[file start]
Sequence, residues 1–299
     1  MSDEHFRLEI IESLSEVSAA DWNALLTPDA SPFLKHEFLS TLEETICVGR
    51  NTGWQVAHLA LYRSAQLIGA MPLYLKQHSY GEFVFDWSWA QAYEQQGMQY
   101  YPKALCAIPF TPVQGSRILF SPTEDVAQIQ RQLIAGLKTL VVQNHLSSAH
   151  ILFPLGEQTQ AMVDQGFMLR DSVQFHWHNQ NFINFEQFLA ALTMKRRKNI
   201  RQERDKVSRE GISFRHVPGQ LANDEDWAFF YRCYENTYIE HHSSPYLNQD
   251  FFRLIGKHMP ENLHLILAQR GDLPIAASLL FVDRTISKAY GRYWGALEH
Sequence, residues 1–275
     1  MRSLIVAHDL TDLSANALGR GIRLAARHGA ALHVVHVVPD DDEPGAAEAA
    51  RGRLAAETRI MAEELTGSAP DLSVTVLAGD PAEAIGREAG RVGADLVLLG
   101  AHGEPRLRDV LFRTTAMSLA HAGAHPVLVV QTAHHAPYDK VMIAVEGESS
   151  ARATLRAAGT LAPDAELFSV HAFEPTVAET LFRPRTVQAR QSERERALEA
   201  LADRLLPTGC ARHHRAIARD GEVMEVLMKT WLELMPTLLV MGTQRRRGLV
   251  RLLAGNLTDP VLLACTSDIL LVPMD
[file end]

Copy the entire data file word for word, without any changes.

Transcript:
Sequence, residues 1–299
     1  MSDEHFRLEI IESLSEVSAA DWNALLTPDA SPFLKHEFLS TLEETICVGR
    51  NTGWQVAHLA LYRSAQLIGA MPLYLKQHSY GEFVFDWSWA QAYEQQGMQY
   101  YPKALCAIPF TPVQGSRILF SPTEDVAQIQ RQLIAGLKTL VVQNHLSSAH
   151  ILFPLGEQTQ AMVDQGFMLR DSVQFHWHNQ NFINFEQFLA ALTMKRRKNI
   201  RQERDKVSRE GISFRHVPGQ LANDEDWAFF YRCYENTYIE HHSSPYLNQD
   251  FFRLIGKHMP ENLHLILAQR GDLPIAASLL FVDRTISKAY GRYWGALEH
Sequence, residues 1–275
     1  MRSLIVAHDL TDLSANALGR GIRLAARHGA ALHVVHVVPD DDEPGAAEAA
    51  RGRLAAETRI MAEELTGSAP DLSVTVLAGD PAEAIGREAG RVGADLVLLG
   101  AHGEPRLRDV LFRTTAMSLA HAGAHPVLVV QTAHHAPYDK VMIAVEGESS
   151  ARATLRAAGT LAPDAELFSV HAFEPTVAET LFRPRTVQAR QSERERALEA
   201  LADRLLPTGC ARHHRAIARD GEVMEVLMKT WLELMPTLLV MGTQRRRGLV
   251  RLLAGNLTDP VLLACTSDIL LVPMD